Wanted Dead or Live: Crude Cocktail Viscosity: A Pseudo-Component Method to Predict the Viscosity of Dead Oils, Live Oils, and Mixtures
- Harvey W. Yarranton (University of Calgary) | Johan Jacobus Van Dorp (Shell Canada Ltd.) | Marco L. Verlaan (Shell) | Vaclav Lastovka (Shell Global Solutions)
- Document ID
- Society of Petroleum Engineers
- SPE Annual Technical Conference and Exhibition, 8-10 October, San Antonio, Texas, USA
- Publication Date
- Document Type
- Conference Paper
- 2012. Society of Petroleum Engineers
- 5.4.7 Chemical Flooding Methods (e.g., Polymer, Solvent, Nitrogen, Immiscible CO2, Surfactant, Vapex), 2.4.3 Sand/Solids Control, 5.2 Reservoir Fluid Dynamics, 5.3.9 Steam Assisted Gravity Drainage, 1.6.9 Coring, Fishing, 4.6 Natural Gas, 5.2.1 Phase Behavior and PVT Measurements, 5.8.5 Oil Sand, Oil Shale, Bitumen, 4.1.1 Process Simulation, 5.4.6 Thermal Methods
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A broadly applicable methodology is presented to reliably predict crude oil liquid viscosity from only a gas chromatographic assay composition (C30+ is recommended). The viscosity model employs a Walther-type correlation of double log viscosity with log temperature to predict the viscosity of dead and live crude oils and mixtures. The model has three parameters: the slope and intercept of the Walther plot and a viscosibility factor to account for pressure effects. Simple mass based mixing rules are applied on these three parameters to obtain mixture viscosity. The three parameters were correlated to component molecular weight and therefore a gas chromatographic assay is the only required input apart from the temperature and pressure.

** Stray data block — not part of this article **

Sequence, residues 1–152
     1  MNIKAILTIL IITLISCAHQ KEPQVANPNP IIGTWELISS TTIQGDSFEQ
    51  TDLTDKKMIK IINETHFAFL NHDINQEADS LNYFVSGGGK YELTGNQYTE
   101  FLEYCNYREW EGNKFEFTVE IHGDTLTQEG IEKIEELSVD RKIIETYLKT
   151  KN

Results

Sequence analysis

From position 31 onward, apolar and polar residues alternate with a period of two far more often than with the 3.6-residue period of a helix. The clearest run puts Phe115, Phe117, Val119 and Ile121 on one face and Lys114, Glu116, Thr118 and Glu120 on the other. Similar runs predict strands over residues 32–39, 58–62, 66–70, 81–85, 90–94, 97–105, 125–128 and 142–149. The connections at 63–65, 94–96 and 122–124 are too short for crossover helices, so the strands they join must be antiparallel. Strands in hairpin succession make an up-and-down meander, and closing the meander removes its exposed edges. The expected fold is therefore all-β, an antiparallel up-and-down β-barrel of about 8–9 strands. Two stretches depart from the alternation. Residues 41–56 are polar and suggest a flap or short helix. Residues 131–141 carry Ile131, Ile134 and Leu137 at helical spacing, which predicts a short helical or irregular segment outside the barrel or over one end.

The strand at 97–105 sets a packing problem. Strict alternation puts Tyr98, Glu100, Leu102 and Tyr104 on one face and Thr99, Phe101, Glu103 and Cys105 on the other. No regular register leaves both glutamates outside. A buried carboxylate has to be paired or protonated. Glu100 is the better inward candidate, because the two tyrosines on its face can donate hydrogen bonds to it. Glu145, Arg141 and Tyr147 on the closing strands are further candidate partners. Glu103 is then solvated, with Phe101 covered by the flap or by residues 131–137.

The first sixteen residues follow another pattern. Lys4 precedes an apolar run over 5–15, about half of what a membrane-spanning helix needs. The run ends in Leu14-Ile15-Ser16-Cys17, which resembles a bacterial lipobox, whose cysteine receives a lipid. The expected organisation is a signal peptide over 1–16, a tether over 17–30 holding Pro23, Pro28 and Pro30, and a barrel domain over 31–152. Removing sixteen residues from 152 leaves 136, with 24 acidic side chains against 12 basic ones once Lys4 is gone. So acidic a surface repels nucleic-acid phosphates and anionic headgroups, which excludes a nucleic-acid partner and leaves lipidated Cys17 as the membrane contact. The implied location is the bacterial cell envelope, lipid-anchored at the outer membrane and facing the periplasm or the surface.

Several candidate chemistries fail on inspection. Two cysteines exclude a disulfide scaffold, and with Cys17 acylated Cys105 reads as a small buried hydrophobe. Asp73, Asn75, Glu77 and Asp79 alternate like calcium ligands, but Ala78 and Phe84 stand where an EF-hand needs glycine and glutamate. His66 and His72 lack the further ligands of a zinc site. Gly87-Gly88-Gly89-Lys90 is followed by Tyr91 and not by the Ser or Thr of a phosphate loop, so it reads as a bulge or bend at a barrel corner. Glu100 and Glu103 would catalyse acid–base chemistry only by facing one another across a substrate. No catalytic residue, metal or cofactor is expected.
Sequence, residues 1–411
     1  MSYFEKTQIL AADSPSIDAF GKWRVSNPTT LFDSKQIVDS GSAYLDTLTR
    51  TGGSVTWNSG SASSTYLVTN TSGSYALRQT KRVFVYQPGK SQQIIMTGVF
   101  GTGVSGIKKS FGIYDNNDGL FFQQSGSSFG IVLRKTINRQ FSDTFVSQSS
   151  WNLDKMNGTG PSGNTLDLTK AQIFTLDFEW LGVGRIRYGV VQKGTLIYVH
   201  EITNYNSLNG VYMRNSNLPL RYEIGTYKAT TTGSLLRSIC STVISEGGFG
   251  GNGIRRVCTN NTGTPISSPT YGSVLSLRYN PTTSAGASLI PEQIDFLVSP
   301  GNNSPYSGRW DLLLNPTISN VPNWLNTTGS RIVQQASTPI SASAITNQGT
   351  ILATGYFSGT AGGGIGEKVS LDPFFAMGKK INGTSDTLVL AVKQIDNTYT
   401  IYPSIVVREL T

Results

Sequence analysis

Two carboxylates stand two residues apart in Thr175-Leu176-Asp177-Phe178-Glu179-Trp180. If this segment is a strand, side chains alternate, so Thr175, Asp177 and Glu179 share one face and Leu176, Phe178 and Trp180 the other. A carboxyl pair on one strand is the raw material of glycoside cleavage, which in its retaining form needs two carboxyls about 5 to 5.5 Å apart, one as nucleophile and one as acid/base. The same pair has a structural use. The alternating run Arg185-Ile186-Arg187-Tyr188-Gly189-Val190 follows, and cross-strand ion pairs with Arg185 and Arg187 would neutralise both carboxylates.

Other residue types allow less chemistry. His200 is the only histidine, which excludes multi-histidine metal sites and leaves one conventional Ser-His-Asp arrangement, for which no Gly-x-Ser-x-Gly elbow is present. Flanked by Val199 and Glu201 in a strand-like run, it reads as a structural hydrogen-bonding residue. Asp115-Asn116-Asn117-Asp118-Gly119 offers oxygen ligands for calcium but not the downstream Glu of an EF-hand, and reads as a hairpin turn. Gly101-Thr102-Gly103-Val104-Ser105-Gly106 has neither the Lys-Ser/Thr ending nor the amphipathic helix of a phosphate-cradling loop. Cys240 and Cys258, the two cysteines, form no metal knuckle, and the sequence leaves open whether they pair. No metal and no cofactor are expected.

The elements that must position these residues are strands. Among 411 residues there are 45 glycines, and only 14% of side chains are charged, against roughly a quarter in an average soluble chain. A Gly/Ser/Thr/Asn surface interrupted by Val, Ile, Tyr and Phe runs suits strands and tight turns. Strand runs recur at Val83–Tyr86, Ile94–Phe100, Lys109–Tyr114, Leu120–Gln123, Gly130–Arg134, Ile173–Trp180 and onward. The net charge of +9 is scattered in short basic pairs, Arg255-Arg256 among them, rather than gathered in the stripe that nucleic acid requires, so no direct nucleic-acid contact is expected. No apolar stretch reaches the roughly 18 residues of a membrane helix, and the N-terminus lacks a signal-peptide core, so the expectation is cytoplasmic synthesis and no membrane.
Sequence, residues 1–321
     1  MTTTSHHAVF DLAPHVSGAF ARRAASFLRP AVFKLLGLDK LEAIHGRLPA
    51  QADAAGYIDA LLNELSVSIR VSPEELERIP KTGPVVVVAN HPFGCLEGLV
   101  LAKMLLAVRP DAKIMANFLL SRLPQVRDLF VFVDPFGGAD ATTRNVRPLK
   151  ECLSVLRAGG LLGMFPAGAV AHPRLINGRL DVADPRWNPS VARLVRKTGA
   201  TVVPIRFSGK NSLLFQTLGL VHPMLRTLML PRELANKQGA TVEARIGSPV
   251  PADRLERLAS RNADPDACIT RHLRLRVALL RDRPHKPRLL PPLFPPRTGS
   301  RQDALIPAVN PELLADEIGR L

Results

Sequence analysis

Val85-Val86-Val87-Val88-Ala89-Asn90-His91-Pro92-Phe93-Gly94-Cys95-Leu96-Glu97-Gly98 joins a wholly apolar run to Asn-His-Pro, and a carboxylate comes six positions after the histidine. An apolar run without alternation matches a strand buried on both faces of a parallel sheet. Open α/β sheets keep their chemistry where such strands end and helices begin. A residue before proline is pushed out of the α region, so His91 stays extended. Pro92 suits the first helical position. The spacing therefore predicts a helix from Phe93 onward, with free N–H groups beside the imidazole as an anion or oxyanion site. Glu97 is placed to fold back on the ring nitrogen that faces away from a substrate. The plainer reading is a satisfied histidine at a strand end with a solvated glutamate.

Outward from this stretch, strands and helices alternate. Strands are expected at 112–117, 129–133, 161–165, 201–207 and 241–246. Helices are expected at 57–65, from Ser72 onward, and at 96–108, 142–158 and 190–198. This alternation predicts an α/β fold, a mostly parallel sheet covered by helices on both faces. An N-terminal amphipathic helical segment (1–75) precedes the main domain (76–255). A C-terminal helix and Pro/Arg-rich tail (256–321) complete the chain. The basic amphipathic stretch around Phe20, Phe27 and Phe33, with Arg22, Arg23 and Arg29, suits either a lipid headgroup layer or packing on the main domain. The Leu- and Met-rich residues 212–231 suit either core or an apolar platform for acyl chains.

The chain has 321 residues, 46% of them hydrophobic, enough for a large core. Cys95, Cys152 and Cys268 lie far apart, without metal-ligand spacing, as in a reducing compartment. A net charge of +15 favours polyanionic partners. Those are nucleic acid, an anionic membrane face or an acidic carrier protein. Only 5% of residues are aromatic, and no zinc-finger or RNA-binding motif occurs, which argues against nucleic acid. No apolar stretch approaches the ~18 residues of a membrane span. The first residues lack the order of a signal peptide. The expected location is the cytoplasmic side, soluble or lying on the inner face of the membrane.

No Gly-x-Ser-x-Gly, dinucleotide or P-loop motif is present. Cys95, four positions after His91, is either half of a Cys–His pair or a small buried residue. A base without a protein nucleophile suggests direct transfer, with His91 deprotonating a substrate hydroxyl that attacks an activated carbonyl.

The methodology was developed from a Western Canadian dataset of two bitumens, one heavy oil, and one condensate, and then tested on an independent dataset of 10 conventional and heavy crude oils from the Gulf of Mexico, the Middle East, Asia, and Europe. The model provides un-tuned viscosity predictions within a factor of two of the measured values for dead and live crude oils ranging in viscosity from 0.5 to 500,000 mPa.s. A single multiplier is used to tune the model. Models tuned to dead oil data predict live oil viscosities and mixtures of oils with solvents to within 30% of the measured values. Models tuned to the viscosity at the saturation pressure predict the effect of temperature and pressure to within 20% of the measured values.
The method retains its accuracy when components are lumped into a few pseudo-components and is ideally suited for use in simulators for accurate liquid phase viscosity predictions over a wide range of compositions, pressures, and temperatures. It would be necessary to include the proposed mixing rules in numerical simulators. An additional advantage of the method is the reduction in viscosity measurements needed to construct an accurate viscosity model.
For heavy oils and bitumens, viscosity is a crucial fluid property which varies with temperature, pressure, and composition. The viscosity of bitumen can vary significantly both laterally and vertically even within the same reservoir (Larter et al. 2008). Steam and/or solvent are required to reduce the viscosity for production; and therefore, the viscosity as a function of temperature, pressure, and composition is also required. It is not practical to measure the viscosity distribution throughout the reservoir or at all compositions and temperatures. Therefore, correlations are required to estimate viscosity over a wide range of conditions often from very little data.
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